As the literature reveals, missing values in time series has attracted so much research attention. Several approaches to determine missing values like the use of ARIMA models as well as other techniques have continued to evolve. Among them are the optimal linear combination of the forecast and back forecast method [Damsleth [8] ], method for the estimation of models for discrete time series in the presence of missing data [Robinson and Dunsmuir [9] ], forecasting techniques to estimate missing observations in time series [Abraham [10] ], etc. A number of alternative procedures for estimating missing observations in stationary time series for autoregressive moving average models were provided by Ferreiro [11] . Sequel to these alternative procedures in stationary time series, Rosen and Porat [12] introduced the general formulae for the asymptotic second-order moments of the sample covariances, for missing values.

Another easily applicable spectral estimator for missing data is the method of Scargle [13] . This computes Fourier coefficients as the least squares fit of sines and cosines to the available remaining observations. The Lomb-Scargle spectrum is accurate in detecting strong spectral peaks but this assumption biases the description of slopes and background shapes in the spectrum according to Bos et al. [14] and Broersen et al. [15] .

Brockwell and Davis [16] gave the option that missing values at the beginning or the end of the time series are simply ignored while intermediate missing values are considered serious flaws in the input time series. It therefore, interpolates values using interpolation algorithms: linear, polynomial, smoothing, spline and filtering.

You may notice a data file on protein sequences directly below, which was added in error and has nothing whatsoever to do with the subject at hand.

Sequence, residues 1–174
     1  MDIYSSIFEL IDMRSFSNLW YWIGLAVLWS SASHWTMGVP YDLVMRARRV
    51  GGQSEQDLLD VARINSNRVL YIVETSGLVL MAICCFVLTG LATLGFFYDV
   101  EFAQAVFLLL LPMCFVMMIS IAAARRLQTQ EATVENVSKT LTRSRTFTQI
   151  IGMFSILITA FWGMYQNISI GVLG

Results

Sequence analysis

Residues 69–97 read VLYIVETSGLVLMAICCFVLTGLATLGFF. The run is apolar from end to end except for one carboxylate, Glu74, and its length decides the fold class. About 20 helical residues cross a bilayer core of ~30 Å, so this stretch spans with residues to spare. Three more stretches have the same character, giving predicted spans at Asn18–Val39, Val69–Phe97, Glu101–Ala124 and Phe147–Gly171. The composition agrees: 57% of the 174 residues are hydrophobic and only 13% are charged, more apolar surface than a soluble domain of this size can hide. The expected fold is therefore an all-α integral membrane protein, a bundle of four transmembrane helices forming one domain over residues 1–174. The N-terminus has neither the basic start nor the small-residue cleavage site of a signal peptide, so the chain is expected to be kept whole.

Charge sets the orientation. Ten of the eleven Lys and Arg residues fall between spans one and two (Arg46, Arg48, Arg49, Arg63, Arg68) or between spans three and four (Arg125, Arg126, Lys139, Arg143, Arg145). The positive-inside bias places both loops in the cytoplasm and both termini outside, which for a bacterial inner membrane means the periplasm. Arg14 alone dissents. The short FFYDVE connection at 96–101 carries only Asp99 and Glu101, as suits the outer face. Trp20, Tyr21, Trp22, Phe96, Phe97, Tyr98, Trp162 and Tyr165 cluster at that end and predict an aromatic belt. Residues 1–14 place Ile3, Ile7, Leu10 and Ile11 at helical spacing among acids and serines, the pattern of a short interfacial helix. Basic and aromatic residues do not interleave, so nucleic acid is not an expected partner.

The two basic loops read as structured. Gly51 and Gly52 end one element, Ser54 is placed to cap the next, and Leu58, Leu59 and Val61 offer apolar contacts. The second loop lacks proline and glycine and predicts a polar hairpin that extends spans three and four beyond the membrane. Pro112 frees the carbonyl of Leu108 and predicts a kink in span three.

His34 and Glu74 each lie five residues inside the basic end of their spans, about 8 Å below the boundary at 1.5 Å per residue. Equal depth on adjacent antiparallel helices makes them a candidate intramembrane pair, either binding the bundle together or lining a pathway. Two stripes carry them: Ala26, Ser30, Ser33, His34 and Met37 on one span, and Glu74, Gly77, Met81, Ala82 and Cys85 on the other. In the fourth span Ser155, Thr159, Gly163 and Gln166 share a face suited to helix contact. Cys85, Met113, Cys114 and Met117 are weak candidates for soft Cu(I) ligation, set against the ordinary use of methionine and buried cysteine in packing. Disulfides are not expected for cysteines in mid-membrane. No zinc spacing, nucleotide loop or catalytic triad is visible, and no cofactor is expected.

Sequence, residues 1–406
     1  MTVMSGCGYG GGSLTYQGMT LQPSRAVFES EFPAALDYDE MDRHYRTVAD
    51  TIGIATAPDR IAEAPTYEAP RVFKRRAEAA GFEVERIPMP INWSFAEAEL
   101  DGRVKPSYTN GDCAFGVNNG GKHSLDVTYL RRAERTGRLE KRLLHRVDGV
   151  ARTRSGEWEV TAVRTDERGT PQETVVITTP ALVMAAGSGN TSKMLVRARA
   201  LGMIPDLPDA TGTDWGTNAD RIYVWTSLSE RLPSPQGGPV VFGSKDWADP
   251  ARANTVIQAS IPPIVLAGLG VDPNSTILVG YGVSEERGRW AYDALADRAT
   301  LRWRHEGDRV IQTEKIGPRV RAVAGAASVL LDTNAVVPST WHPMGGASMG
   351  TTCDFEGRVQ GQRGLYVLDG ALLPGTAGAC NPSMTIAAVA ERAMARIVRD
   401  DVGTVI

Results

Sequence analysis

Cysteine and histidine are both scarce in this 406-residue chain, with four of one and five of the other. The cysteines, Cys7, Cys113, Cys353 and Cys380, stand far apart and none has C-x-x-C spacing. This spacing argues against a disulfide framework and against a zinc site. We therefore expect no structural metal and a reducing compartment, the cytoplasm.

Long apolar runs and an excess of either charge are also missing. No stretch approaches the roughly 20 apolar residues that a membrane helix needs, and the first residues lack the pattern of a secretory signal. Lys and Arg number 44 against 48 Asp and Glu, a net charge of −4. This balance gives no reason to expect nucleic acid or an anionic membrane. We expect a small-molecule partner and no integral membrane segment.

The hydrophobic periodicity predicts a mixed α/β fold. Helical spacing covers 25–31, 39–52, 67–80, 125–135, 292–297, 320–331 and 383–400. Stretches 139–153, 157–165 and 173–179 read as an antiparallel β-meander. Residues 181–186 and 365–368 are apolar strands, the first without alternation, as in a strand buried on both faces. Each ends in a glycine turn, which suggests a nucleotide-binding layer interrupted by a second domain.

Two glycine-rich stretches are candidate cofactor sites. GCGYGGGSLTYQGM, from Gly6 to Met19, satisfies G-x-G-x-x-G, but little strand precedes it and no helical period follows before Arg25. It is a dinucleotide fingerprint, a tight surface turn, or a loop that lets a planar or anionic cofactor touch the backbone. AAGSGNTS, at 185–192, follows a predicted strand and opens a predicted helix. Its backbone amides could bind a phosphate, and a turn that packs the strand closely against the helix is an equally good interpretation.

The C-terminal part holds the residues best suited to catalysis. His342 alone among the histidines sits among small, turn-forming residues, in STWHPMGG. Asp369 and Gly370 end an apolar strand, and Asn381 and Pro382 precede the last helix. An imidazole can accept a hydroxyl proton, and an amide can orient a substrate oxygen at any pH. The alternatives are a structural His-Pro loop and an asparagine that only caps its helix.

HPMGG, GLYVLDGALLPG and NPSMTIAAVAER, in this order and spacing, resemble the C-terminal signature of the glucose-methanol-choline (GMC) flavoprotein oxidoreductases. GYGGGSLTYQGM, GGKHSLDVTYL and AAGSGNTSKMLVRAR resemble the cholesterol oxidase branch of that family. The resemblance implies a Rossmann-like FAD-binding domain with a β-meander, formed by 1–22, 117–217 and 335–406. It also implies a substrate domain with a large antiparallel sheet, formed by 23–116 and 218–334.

Yuan et al. [17] compared the Normal-distribution-based maximum likelihood (ML) and multiple imputation (MI) procedures for analyzing missing value data. The paper compared these two procedures with respect to bias and efficiency of parameter estimates. Their result showed that ML is preferable to MI in practice, although parameter estimates by MI might still be consistent.

Cheema [18] compared different missing data handling methods (listwise deletion, mean imputation, regression imputation, maximum likelihood imputation and multiple imputation) using different methods of analysis (one sample t-test, two-sample t-test, two-way ANOVA and multiple regression). These methods, according to him are the four analytical methods that are frequently employed in educational research. However, his result did not cover handling missing values in time series data.